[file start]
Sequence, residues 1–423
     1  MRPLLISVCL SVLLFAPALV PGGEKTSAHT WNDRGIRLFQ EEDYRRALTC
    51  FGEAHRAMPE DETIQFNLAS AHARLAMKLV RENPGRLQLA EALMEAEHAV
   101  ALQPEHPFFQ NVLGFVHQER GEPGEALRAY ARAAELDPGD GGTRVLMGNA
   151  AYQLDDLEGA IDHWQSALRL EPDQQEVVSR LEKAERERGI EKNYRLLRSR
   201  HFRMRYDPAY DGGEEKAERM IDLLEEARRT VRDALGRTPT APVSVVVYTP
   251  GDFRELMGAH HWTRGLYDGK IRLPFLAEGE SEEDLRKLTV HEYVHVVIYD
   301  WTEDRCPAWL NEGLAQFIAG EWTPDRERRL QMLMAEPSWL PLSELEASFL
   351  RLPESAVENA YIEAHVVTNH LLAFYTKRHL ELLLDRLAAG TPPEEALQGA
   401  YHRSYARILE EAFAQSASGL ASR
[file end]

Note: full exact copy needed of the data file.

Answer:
Sequence, residues 1–423
     1  MRPLLISVCL SVLLFAPALV PGGEKTSAHT WNDRGIRLFQ EEDYRRALTC
    51  FGEAHRAMPE DETIQFNLAS AHARLAMKLV RENPGRLQLA EALMEAEHAV
   101  ALQPEHPFFQ NVLGFVHQER GEPGEALRAY ARAAELDPGD GGTRVLMGNA
   151  AYQLDDLEGA IDHWQSALRL EPDQQEVVSR LEKAERERGI EKNYRLLRSR
   201  HFRMRYDPAY DGGEEKAERM IDLLEEARRT VRDALGRTPT APVSVVVYTP
   251  GDFRELMGAH HWTRGLYDGK IRLPFLAEGE SEEDLRKLTV HEYVHVVIYD
   301  WTEDRCPAWL NEGLAQFIAG EWTPDRERRL QMLMAEPSWL PLSELEASFL
   351  RLPESAVENA YIEAHVVTNH LLAFYTKRHL ELLLDRLAAG TPPEEALQGA
   401  YHRSYARILE EAFAQSASGL ASR